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The Iranian Escalation

The Obama Administration announced two weeks ago that a bumbling Iranian-American used car salesman had conspired with a U.S. government agent posing as a representative of Mexican drug cartels to assassinate the Saudi ambassador in Washington. This brought highly skeptical reactions from experts here across the political spectrum.

But even if some of this tale turns out to be true, the handling of such accusations is inherently political. For example, the U.S.  government’s 9/11 commission investigated the links between the attackers and the Saudi ruling family, but refused to make public the results of that investigation. The reason is obvious: There is dirt there and Washington doesn’t want to create friction with a key ally. And keep in mind that this is about complicity with an attack on American soil that killed 3,000 people.

By contrast, the Obama Administration seized upon the rather dubious speculation that “the highest levels of the Iranian government” were involved in this alleged plot.  President Obama announced that “all options are on the table,” which is well-known code for possible military action. This is extremist and dangerous rhetoric.

University of Michigan professor Juan Cole, a leading Mideast scholar,offered that Obama may be “wagging the dog” – looking for a military confrontation to help his re-election in the face of a stagnant economy and high unemployment. This is certainly possible. Recall that George W. Bush used the build-up to the Iraq war to secure both houses of Congress in the 2002 election. He didn’t even have to go to war. The run-up to war worked perfectly to achieve his main goal: All of the issues that most voters cared about and were threatening to cost Republicans one or both chambers of Congress – the jobless recovery, Social Security, corporate scandals – disappeared from the news during the election season between August and November. President Obama’s advisers certainly understand these things.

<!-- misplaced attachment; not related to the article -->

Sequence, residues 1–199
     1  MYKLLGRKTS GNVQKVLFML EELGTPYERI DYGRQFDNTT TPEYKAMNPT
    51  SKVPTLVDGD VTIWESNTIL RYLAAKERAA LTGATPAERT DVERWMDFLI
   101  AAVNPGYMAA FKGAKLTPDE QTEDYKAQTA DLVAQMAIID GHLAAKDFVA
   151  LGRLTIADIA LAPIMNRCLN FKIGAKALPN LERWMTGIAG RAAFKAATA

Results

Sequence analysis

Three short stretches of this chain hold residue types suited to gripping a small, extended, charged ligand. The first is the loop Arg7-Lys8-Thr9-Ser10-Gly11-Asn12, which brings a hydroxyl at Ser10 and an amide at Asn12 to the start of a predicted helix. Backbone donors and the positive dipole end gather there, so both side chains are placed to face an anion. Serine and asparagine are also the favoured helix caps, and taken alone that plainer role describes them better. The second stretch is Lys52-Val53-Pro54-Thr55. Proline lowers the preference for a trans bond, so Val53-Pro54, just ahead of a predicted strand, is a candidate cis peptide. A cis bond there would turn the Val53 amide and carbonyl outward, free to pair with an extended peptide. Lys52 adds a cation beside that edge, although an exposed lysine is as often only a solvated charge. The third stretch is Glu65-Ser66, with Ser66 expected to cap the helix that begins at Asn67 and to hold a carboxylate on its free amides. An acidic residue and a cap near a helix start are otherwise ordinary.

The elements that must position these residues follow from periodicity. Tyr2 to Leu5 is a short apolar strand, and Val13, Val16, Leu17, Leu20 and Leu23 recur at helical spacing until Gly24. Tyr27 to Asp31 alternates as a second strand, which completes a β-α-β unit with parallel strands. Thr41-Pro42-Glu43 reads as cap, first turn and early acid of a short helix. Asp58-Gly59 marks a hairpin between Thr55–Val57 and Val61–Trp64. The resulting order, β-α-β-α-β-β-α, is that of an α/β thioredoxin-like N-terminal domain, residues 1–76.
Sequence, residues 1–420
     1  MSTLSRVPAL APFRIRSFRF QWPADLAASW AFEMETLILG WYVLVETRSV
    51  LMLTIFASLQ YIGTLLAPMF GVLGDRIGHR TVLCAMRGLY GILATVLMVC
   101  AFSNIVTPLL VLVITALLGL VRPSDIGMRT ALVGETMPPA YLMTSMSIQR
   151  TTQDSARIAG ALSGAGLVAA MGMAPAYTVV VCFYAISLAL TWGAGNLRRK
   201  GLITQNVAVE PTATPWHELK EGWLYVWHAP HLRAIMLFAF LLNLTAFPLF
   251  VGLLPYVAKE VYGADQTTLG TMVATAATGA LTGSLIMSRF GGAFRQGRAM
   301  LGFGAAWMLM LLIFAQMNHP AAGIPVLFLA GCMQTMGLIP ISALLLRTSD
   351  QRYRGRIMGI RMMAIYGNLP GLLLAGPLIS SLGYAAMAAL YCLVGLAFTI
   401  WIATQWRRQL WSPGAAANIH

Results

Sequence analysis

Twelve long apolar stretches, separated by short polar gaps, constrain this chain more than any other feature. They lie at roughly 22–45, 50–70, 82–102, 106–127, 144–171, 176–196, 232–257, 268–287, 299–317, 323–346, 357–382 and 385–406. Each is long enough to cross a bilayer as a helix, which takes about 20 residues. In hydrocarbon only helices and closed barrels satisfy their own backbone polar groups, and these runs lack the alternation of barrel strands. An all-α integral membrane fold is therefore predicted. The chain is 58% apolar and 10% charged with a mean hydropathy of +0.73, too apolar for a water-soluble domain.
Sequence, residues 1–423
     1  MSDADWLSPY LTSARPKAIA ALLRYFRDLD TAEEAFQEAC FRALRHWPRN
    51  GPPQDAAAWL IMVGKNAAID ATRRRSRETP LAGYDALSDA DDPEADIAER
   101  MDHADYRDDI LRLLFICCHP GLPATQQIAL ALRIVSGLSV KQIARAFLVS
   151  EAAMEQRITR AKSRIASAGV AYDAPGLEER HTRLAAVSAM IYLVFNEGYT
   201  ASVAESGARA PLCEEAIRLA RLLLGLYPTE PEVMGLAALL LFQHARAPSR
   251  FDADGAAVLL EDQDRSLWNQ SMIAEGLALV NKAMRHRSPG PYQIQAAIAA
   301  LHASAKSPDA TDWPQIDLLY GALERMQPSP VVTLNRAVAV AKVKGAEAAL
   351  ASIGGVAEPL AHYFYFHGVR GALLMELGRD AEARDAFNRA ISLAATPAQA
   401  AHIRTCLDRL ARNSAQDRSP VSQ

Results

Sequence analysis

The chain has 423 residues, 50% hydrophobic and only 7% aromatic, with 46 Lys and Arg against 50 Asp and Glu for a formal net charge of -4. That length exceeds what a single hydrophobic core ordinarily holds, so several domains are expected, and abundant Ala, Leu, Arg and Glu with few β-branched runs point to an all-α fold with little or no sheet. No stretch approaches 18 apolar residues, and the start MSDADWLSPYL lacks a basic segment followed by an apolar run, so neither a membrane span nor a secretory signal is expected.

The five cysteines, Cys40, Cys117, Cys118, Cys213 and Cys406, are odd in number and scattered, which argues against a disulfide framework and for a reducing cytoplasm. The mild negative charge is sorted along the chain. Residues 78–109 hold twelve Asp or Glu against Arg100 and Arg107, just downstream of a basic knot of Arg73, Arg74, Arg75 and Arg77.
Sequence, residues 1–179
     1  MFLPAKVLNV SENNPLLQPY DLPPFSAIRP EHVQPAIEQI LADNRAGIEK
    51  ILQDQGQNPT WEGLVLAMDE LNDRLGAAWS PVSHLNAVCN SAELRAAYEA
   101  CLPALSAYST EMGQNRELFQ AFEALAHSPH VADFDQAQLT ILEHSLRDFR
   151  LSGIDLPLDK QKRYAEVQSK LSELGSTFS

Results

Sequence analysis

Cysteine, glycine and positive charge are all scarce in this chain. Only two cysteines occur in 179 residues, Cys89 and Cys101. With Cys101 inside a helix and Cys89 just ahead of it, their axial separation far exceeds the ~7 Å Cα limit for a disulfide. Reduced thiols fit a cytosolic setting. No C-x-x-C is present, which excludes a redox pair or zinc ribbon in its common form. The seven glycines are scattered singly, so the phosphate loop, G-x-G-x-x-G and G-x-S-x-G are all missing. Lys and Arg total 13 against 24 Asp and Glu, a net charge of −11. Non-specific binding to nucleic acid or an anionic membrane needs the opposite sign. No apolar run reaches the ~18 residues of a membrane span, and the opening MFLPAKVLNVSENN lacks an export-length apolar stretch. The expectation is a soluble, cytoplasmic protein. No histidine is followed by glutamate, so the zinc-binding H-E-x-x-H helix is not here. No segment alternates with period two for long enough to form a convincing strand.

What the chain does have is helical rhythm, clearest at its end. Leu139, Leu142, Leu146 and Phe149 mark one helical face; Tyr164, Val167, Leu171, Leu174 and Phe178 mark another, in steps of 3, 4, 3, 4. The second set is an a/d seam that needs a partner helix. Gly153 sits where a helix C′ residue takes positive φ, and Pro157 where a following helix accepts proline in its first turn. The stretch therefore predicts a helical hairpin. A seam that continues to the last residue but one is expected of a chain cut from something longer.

Of course the latest saber-rattling could also just be part of a long-term preparation for war with Iran, just as President Clinton spent years preparing the ground for the Iraq war launched by Bush. Once this is done, war is difficult to stop; and once these wars are launched, they are even more difficult to end, as 10 years of useless, bloody war in Afghanistan show.

That is why international initiatives to roll back the march toward war, such as the nuclear fuel-swap proposal brought forth by Brazil and Turkey in May 2010, are so important.  The Iranian government hasrecently offered to stop enriching uranium if the United States would provide uranium for Iran’s medical research reactor – which it needs for hundreds of thousands of cancer patients. This uranium would not be usable for weapons. The proposal was endorsed by leaders of the American Federation of Scientists.

Brazil is one of the few countries with the international stature, independence, neutrality and respect to help defuse this confrontation. We can only hope that it will make further attempts to save the world from another horrible war.

Mark Weisbrot is an economist and co-director of the Center for Economic and Policy Research. He is co-author, with Dean Baker, of Social Security: the Phony Crisis.

This article originally appeared in Folha de São Paulo (Brazil).

 

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Mark Weisbrot is co-director of the Center for Economic and Policy Research, in Washington, D.C. and president of Just Foreign Policy. He is also the author of  Failed: What the “Experts” Got Wrong About the Global Economy (Oxford University Press, 2015).

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